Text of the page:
Investments  

‘Even at night I’d be on the computer or phone checking’

There are people who like their job, and then there are those who love their job.

Colin Morton, investment director and UK equity manager at Franklin Templeton Invest­ments, clearly falls into the latter category.

So much so that he freely admits to being a “bit sad” and checking the markets in the evening, as well as catching up on results and work while on holiday.

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He says: “The great thing about this job is the flexibility. There isn’t a set timetable where you always have to be in at 7am and stay till 9pm.

“The other side is – and it’s not because you have to do it, but you want to do it – is that when you’re on holiday or doing things it’s very difficult to say I’m not going to look at that for a week. That would be more stressful than checking all the time.”

He argues that not knowing anything that is going on would mean too much catching up on what results had been missed, and any industry activity.

“The fact you have the ability now with Blackberries and iPhones and other technology to see what has been happening... I’d much rather do that and catch up,” he says.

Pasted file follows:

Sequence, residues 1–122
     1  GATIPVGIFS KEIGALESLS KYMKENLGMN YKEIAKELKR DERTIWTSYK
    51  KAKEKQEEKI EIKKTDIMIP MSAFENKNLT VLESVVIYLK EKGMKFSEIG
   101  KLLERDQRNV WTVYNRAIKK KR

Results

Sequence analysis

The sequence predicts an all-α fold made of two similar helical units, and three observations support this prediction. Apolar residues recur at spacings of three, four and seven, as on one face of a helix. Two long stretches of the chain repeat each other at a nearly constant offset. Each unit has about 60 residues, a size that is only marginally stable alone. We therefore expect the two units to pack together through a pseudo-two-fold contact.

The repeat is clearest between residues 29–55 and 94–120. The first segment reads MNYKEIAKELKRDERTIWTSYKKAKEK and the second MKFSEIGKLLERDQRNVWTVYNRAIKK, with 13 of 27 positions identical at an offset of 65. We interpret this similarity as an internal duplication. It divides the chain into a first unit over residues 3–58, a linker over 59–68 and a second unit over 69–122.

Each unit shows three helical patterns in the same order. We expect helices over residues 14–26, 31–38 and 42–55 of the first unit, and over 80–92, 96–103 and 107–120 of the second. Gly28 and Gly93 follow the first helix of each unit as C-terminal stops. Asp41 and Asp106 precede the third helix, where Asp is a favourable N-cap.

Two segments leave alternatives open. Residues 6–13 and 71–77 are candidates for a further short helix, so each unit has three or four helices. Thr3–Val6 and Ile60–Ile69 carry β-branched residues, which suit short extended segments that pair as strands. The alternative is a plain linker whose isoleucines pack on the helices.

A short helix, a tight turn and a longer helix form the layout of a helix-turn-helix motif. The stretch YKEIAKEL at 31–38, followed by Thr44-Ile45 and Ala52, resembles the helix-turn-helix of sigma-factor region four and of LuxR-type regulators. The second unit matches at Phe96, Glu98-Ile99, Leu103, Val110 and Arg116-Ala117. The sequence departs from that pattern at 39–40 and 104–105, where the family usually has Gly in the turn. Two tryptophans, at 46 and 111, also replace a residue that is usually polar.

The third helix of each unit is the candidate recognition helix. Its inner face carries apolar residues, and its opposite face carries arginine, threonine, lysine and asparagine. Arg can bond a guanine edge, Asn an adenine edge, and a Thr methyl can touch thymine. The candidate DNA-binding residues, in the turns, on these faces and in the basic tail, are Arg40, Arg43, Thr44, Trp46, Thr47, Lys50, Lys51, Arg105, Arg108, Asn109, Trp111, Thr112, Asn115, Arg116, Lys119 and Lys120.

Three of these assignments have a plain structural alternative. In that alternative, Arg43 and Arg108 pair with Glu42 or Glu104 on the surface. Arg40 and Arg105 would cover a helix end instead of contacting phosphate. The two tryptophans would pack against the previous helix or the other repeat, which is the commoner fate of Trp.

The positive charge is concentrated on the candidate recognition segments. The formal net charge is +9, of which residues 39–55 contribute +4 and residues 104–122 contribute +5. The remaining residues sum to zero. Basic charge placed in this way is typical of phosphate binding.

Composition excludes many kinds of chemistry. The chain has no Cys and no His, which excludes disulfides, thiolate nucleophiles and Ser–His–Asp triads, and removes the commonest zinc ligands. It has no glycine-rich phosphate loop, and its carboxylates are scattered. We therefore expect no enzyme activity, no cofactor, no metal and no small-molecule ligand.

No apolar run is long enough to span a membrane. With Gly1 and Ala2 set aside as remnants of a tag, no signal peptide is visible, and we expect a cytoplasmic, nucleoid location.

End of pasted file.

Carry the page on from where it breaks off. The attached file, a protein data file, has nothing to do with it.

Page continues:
“It is quite sad. Even at night I’d be on the computer or phone checking, but I actually enjoy doing it.”

Although fund management was not always Mr Morton’s dream job, his first role as a trainee stockbroker at Wise Speke, in Newcastle, sparked his interest and sowed the seeds for his future career.

“Really early on I realised it was something that did interest me. I started very junior, but even then I was trying to put together my own portfolio,” he recalls.

“A few of the guys I worked with and I would do a lot of research on these companies. It was obviously pre-internet, so we’d look at newspapers and things called Extel cards, which told you all you needed to know about the company. And what I tended to get involved in was really quite small companies.”

He adds: “Obviously, when you don’t have much money and you’re trying to have a bit of fun when you’re younger, you don’t want to be buying big blue-chip companies. You want to have a bit more fun with the smaller companies and that’s really how I got into it. It was a bit of a bug after that and it is just something I’ve done ever since.”

In his 30-year career, Mr Morton has always stuck to the UK and has no ambitions to move into a different region, noting that his background and mentors at his first job made UK equity investing the natural choice.